posted by mrmojoflying at 11:30 AM on October 17, 2008

Best answer: My experience with university health centers has been similar to yours. In my case I went to the center complaining of stomach pains, I was written off as having gas, waited 3 hours in a room for a doc to see me, and then the pain got to be so bad I couldn't stay conscious for more than 5 minutes. My stomach ache was appendicitis, which in turn ruptured in hour 3 of waiting for a doctor. I spent 3 weeks in the hospital and another 4 months recovering, if my girlfriend at the time hadn't pulled me out of there and driven me to the large regional hospital I wouldn't be here.

While some university clinics may provide excellent basic services and contain excellent physicians, if you're feeling *sick* do not go to them, go to the hospital, if you do go to the university clinic make sure you have an advocate there for you and set a "walk/run away from this and go to a big regional hospital" plan. All in all your experience in the quality of care wasn't that far off from the majority of experiences I have had or heard about.
posted by iamabot at 11:52 AM on October 17, 2008

Best answer: A similar thing happened to my wife when she was in high school (and not my wife). She'd been incredibly sick and had a battery of tests done in the hospital. The tests were apparently mixed, and she had two doctors arguing in front of her whether or not she had cancer. Like you, it was discovered she didn't have cancer, but only a very bad case of mono.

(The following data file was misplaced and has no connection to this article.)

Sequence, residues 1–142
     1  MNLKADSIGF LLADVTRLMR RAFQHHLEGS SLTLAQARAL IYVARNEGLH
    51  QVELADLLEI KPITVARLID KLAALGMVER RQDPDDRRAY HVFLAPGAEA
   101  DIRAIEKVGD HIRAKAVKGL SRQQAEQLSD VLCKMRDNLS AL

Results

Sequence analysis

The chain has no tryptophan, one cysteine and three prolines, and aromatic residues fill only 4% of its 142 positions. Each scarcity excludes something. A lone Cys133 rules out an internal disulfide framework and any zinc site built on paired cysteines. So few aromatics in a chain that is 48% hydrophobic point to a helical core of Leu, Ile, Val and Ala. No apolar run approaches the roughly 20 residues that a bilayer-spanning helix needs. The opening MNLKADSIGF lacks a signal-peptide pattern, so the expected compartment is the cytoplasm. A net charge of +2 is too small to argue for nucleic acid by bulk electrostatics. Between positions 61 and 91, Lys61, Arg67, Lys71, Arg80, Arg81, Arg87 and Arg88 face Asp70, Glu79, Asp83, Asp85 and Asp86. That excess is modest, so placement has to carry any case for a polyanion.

posted by borkencode at 12:00 PM on October 17, 2008

Do people trust health clinics like this?

Most of the students seem to dislike the health clinic at the large public University I'm affiliated with. However, I don't know whether this is warranted. The primary complaint I hear is that "I was really sick" (with a viral upper-respiratory infection; in other words, a cold) "and those incompetent doctors at the health service didn't do anything about it !!!" But of course there's nothing any doctor can do about a typical cold/sorethroat/etc illness other than recommend that you rest and take some OTC medicines if you think they will help.

I've been at this University for quite a few years now in various capacities and I do use their health clinic as my primary care provider even though my current medical insurance is accepted by most doctors' offices in the region. There is one doctor at the clinic who I do not especially like. He seems competent enough but I get the impression that he doesn't listen very carefully and he seems to be in a hurry to get you in and out of his office. But, he always has time to squeeze walk-in patients into his schedule, so if all I need is a prescription refill, a strep test, or some other straightforward procedure, I don't see any harm in being treated by him. There is one doctor at the clinic who I like rather well, and I've selected her as my primary care physician. I make a point of getting an appointment with her whenever I have any health concerns that are at all complicated or out of the ordinary, and I would definitely go out of my way to see her if I ever suspected I had any kind of serious illness. As for the rest of the doctors there, they seem to provide competent and adequate care in accordance with customary standards as far as I can tell.